What is the difference between a therapist and a psychiatrist?
A therapist is someone who has a graduate degree in clinical psychology, thousands of hours of training post-degree with supervision from a licensed professional, and has passed the California licensing exam. A psychiatrist is a medical doctor who has gone to medical school, done a residency in psychiatry, and passed the medical board exam. Only medical doctors (MD’s) can prescribe and manage medication. Some psychiatrists also offer therapy along with medication management.
Should I take medication or go into psychotherapy?
Your medical doctor may or may not feel that medication would be of assistance to you. In any case, research strongly supports the conclusion that medication in conjunction with therapy is far more effective than just medication alone. If you would like to explore the option of medication, I can help you find a doctor to discuss this with you. Therapy is not always easy, and it can be tempting to want to solve a problem with medication alone. My clients in Los Angeles find that the hard work they do in therapy is well worth the reward of feeling much better about themselves and their lives.
What’s the difference between talking to a therapist or my best friend or family?
Talking to sympathetic friends and family members is a good idea! Having a strong support system is one of the best things you can do for your mental health.
Talking to a mental health professional should be a completely different experience from talking to a friend. One of the main differences between therapy and talking to friends is that therapy is CONFIDENTIAL. What you say in therapy, stays in therapy! This is a legal mandate, though there are certain exceptions in cases of harm to yourself or others. Most importantly, your therapist will create a SAFE space for you- one that is completely non-judgmental. Most of my clients find that this is a unique situation where they can freely explore things about themselves and their lives that they have not been able to do anywhere else. Most of us carry around some shame about our shadow self- therapy is the safe and appropriate place to process those feelings.
What can I expect from therapy?
In addition to creating a safe and confidential space for you to explore your feelings and your relationships, therapy should give you TOOLS. You should leave each therapy session with ideas and skills for managing your emotions and your relationships more effectively than you have in the past. Therapy can be brief and goal oriented- just a few sessions to help make a decision, improve communication in a relationship, or clarify your goals. We have process-oriented therapy techniques that can give you skills to improve your self-esteem or change a bad memory. Therapy can also go deeper and explore the reasons you feel the way you do, or change long-standing overall patterns of behavior. Many of my clients come into therapy with a small issue, and find they want to delve deeper and create new patterns for a more meaningful life.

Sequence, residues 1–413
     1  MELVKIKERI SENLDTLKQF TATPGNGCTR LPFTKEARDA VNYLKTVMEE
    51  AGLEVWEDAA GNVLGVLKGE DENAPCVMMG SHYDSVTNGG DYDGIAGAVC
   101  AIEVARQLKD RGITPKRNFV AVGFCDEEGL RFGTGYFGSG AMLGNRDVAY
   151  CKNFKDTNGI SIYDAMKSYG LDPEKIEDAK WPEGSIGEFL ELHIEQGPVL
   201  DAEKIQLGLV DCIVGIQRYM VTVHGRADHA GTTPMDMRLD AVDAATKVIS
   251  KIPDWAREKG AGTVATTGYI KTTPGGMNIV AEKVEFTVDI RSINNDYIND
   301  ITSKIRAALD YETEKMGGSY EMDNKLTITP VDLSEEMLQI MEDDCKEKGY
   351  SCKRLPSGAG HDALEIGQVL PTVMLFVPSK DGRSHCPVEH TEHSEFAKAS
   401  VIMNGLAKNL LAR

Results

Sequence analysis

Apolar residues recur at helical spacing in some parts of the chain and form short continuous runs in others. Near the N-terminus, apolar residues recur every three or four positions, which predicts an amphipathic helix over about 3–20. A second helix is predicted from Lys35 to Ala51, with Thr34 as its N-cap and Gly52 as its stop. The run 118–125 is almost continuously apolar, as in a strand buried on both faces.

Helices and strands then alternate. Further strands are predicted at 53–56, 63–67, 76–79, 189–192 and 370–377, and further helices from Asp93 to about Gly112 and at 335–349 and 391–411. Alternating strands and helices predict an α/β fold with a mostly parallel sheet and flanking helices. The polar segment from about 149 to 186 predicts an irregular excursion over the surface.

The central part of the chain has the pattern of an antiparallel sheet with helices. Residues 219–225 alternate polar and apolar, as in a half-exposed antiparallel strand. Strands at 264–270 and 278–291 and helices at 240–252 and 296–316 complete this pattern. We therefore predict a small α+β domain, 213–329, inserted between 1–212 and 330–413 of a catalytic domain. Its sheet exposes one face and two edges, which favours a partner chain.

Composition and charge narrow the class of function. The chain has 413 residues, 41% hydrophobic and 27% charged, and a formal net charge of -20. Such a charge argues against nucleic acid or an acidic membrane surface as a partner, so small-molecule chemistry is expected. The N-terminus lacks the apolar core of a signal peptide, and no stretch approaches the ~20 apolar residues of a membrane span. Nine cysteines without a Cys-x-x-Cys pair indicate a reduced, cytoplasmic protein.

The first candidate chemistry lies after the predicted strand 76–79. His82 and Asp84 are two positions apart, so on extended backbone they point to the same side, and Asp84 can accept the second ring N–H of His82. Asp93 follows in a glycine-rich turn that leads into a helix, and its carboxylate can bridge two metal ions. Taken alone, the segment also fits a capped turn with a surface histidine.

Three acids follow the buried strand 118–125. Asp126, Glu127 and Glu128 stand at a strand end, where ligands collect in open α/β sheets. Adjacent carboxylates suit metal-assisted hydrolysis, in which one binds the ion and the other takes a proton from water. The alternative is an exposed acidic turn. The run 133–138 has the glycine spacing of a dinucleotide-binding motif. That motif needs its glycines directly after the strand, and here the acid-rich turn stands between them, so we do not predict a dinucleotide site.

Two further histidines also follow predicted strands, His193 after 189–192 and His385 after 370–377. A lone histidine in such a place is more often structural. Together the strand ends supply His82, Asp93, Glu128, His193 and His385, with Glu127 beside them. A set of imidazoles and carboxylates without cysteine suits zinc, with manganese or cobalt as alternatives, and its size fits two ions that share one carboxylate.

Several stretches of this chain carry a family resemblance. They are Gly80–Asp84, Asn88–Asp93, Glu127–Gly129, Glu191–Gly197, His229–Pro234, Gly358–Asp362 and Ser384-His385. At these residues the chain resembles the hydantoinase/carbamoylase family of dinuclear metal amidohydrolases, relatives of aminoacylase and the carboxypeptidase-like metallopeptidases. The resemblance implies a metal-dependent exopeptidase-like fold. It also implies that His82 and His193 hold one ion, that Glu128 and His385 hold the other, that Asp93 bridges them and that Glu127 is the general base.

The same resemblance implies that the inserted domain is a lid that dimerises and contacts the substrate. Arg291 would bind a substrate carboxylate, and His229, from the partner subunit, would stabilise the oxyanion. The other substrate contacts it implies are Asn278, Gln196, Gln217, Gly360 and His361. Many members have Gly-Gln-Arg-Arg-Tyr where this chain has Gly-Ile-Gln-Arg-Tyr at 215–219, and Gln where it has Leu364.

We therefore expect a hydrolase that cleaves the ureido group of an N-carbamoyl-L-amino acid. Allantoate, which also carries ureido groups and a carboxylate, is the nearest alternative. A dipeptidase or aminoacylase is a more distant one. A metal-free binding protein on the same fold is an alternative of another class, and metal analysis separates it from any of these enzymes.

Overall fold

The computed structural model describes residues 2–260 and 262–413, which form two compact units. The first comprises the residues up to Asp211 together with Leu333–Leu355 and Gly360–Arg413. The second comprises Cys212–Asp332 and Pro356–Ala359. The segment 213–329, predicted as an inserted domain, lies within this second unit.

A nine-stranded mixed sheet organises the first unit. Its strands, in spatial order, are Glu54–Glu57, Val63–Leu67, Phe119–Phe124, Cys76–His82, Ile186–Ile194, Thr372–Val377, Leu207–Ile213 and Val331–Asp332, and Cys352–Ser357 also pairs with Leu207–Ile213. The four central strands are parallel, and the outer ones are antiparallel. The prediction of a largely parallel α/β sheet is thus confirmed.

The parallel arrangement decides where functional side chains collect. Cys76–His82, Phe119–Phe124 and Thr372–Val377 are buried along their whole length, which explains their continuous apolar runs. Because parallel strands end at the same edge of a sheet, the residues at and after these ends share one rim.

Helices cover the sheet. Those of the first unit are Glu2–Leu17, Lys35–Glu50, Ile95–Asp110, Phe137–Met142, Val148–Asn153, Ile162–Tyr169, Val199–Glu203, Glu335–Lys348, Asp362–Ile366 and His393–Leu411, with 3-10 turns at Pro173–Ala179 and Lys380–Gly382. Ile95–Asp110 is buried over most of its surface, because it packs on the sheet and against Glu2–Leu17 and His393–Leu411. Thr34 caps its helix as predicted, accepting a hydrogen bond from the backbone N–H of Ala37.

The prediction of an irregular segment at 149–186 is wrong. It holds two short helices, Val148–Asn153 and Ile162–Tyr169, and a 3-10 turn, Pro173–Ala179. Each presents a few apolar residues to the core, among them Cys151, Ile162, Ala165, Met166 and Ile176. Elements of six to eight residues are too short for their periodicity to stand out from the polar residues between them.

How do I find a therapist that is right for me?
Choosing a therapist in Los Angeles can be confusing. It is a good idea to peruse the website to get a feel for their style. Notice if they have a degree from an accredited school and if they are licensed in your state. Do they work with a certain population? Do they have experience with your issue and demographic? Do they have a particular orientation that makes sense to you? It's always a good idea to talk to the therapist to get a feel for whether or not they are a good fit. Many therapists offer a free consultation so that you can have an opportunity to talk to them before you commit. Have some questions written down before you call- for example, "I am having problems with my teenager, would you want to see both of us, or only me?" It might seem awkward talking on the phone the first time, but you will probably get a feeling for whether or not this would be a good person to see for an actual session. In the end, you can usually trust your gut.
When I do a free phone consultation, we discuss your issues and how therapy can help you feel better. Usually I will have some ideas that resonate with you and we will make an appointment to explore ways you can begin to feel better right away. At your initial session you will get a much better idea of how we would work together, and can set up a regular appointment schedule if that works for you. If you think that someone else might be a better fit, I will help you find another therapist who might better meet your needs. Whether you decide to continue therapy or not, you will walk away from our initial session with tools to improve your mood and your relationships - it's a win-win!
If you are ready to learn more about how therapy can help you feel better right now, call me at 323-999-1537 or email me at email@example.com. If you are not in the area, or if our schedules don't match, I am happy to help you find another therapist who might be a good fit for you; please don't hesitate to call!